Immune response to enzyme replacement therapies in lysosomal storage diseases and the role of immune tolerance induction

Kishnani, P. S.; Dickson, P. I.; Muldowney, L.; Lee, J. J.; Rosenberg, A.; Abichandani, R.; Bluestone, J. A.; Burton, B. K.; Dewey, M.; Freitas, A.; Gavin, D.; Griebel, D.; Hogan, M.; Holland, S.; Tanpaiboon, P.; Turka, L. A.; Utz, J. J.; Wang, Y. M.; Whitley, C. B.; Kazi, Z. B.; Pariser, A. R.

Mol Genet Metab. 2015 Nov 26; 117(2):66-83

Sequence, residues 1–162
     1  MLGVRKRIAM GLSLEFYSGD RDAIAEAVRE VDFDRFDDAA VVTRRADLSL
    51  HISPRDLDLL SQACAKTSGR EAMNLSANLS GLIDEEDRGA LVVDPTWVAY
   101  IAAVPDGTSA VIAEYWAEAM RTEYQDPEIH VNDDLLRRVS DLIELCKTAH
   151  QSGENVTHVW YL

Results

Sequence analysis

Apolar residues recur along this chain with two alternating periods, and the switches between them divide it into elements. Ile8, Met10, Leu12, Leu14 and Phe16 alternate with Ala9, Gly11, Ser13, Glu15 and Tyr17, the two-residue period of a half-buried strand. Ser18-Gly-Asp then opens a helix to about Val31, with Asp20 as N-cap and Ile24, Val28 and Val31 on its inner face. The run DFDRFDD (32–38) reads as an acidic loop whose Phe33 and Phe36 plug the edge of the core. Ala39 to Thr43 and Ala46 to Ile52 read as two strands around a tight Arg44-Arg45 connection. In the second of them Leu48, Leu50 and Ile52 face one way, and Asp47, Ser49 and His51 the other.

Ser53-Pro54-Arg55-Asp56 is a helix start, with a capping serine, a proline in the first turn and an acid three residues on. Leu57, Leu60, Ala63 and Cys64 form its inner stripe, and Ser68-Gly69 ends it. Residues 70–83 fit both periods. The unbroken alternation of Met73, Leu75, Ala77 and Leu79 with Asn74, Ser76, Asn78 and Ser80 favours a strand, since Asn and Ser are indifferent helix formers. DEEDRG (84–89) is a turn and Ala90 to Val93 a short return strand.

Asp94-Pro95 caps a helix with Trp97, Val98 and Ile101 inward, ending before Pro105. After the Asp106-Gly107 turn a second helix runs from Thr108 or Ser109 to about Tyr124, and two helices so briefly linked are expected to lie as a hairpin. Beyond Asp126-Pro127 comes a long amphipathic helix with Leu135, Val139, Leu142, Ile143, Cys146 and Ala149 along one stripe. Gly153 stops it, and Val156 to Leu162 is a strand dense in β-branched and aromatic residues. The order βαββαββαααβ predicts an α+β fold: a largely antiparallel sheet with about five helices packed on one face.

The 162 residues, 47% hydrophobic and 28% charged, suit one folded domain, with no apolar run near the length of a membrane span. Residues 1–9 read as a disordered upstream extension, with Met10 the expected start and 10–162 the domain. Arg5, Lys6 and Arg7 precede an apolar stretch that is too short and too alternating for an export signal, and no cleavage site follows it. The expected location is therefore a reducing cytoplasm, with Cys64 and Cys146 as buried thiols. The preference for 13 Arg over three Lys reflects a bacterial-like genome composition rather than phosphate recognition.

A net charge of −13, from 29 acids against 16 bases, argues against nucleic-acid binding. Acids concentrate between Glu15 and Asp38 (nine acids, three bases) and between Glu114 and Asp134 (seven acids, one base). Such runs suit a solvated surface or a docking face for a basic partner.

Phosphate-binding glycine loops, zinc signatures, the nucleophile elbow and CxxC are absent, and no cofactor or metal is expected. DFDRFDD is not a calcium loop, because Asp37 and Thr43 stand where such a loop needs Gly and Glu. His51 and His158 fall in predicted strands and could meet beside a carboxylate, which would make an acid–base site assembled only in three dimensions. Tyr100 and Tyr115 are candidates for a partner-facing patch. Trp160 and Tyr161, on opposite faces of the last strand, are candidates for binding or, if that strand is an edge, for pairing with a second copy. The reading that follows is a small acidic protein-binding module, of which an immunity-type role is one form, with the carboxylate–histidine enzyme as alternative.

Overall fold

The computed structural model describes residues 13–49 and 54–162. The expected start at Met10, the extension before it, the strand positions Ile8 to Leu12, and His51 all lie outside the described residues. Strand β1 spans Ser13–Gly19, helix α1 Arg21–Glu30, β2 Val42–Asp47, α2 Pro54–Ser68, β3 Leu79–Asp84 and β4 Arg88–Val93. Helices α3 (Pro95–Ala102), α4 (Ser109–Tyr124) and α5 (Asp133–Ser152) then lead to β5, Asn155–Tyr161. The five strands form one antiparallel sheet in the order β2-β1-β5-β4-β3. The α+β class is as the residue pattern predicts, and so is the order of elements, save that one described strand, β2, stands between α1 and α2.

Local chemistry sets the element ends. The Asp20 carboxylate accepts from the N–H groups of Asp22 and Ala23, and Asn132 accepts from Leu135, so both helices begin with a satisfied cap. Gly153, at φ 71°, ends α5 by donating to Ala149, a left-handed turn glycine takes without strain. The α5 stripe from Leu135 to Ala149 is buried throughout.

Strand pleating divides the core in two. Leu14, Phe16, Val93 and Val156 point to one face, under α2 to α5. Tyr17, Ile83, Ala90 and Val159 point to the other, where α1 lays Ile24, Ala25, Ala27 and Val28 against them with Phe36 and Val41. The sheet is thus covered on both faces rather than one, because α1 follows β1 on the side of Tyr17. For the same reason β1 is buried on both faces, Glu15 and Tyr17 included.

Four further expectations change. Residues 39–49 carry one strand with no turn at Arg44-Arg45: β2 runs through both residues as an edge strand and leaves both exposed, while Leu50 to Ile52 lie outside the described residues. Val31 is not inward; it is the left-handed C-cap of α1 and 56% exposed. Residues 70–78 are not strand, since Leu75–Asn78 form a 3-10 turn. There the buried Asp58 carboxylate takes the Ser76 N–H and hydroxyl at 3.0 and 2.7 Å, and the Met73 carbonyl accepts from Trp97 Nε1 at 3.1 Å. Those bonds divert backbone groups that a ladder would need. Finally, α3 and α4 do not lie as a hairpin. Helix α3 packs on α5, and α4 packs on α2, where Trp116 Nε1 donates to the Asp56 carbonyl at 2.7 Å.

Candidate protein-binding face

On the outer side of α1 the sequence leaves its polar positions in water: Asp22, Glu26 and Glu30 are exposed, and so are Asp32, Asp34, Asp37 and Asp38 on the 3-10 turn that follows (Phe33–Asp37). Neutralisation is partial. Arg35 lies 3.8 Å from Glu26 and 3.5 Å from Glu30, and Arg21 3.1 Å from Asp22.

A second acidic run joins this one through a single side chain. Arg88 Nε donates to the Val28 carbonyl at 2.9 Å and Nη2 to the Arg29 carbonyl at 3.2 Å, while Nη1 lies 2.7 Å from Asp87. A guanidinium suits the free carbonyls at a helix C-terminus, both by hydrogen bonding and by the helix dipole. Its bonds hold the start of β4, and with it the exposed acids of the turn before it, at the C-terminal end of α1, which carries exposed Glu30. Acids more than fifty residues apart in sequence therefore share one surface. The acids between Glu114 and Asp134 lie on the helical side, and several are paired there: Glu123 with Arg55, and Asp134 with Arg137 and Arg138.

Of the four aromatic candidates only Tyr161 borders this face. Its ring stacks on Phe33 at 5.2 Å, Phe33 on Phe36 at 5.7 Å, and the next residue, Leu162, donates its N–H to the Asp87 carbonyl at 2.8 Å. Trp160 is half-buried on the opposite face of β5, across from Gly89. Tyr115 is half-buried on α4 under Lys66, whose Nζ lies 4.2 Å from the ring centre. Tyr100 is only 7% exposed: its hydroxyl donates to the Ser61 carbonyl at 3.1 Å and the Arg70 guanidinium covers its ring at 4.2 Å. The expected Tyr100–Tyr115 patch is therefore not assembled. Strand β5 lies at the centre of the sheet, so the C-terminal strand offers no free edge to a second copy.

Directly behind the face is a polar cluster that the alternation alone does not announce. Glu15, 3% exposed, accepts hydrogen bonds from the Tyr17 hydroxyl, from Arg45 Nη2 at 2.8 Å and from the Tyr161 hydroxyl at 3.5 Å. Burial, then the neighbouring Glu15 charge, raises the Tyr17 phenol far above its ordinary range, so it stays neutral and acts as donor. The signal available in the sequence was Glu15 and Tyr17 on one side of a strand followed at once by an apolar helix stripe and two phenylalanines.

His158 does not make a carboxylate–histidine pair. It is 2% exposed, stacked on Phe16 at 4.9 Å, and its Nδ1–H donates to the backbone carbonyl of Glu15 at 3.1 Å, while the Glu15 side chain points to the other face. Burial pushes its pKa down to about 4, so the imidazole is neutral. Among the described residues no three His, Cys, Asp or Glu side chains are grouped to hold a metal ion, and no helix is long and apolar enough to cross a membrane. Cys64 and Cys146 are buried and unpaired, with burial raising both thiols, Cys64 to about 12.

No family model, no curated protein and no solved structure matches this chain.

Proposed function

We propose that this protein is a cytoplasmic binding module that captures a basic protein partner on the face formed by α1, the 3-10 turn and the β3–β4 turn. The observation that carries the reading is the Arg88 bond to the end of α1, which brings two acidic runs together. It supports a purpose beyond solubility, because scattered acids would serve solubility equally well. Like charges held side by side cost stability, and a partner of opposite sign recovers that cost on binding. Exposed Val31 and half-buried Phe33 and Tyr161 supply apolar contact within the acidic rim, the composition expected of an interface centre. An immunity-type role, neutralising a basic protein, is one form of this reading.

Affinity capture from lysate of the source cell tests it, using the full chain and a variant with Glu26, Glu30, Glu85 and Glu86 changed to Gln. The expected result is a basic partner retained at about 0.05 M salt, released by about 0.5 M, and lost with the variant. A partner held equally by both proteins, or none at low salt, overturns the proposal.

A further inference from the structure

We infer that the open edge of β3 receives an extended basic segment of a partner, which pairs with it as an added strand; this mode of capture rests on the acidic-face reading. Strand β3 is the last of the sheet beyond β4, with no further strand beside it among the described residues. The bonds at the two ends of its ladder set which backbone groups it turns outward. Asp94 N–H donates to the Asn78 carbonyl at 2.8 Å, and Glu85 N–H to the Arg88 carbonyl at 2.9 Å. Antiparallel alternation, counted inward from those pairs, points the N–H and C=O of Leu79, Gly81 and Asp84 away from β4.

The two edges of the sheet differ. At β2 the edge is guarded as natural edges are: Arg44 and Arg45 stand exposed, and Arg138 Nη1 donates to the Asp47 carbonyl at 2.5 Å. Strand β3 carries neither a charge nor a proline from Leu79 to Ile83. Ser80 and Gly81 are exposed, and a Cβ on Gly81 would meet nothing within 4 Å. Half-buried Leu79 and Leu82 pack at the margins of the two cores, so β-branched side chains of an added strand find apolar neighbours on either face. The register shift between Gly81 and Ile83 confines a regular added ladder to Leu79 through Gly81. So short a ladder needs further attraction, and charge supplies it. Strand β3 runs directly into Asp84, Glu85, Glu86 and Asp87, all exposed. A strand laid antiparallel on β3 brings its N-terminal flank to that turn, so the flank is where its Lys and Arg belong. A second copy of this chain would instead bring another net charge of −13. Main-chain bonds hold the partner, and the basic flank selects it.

The US Food and Drug Administration (FDA) and National Organization for Rare Disease (NORD) convened a public workshop titled "Immune Responses to Enzyme Replacement Therapies: Role of Immune Tolerance Induction" to discuss the impact of anti-drug antibodies (ADAs) on efficacy and safety of enzyme replacement therapies (ERTs) intended to treat patients with lysosomal storage diseases (LSDs). Participants in the workshop included FDA staff, clinicians, scientists, patients, industry, and advocacy group representatives. The risks and benefits of implementing prophylactic immune tolerance induction (ITI) to reduce the potential clinical impact of antibody development were considered. Complications due to immune responses to ERT are being recognized with increasing experience and lengths of exposure to ERTs to treat several LSDs. Strategies to mitigate immune responses and to optimize therapies are needed. Discussions during the workshop resulted in the identification of knowledge gaps and future areas of research, as well as the following proposals from the participants: (1) systematic collection of longitudinal data on immunogenicity to better understand the impact of ADAs on long-term clinical outcomes; (2) development of disease-specific biomarkers and outcome measures to assess the effect of ADAs and ITI on efficacy and safety; (3) development of consistent approaches to ADA assays to allow comparisons of immunogenicity data across different products and disease groups, and to expedite reporting of results; (4) establishment of a system to widely share data on antibody titers following treatment with ERTs; (5) identification of components of the protein that are immunogenic so that triggers and components of the immune responses can be targeted in ITI; and (6) consideration of early ITI in patients who are at risk of developing clinically relevant ADA that have been demonstrated to worsen treatment outcomes.

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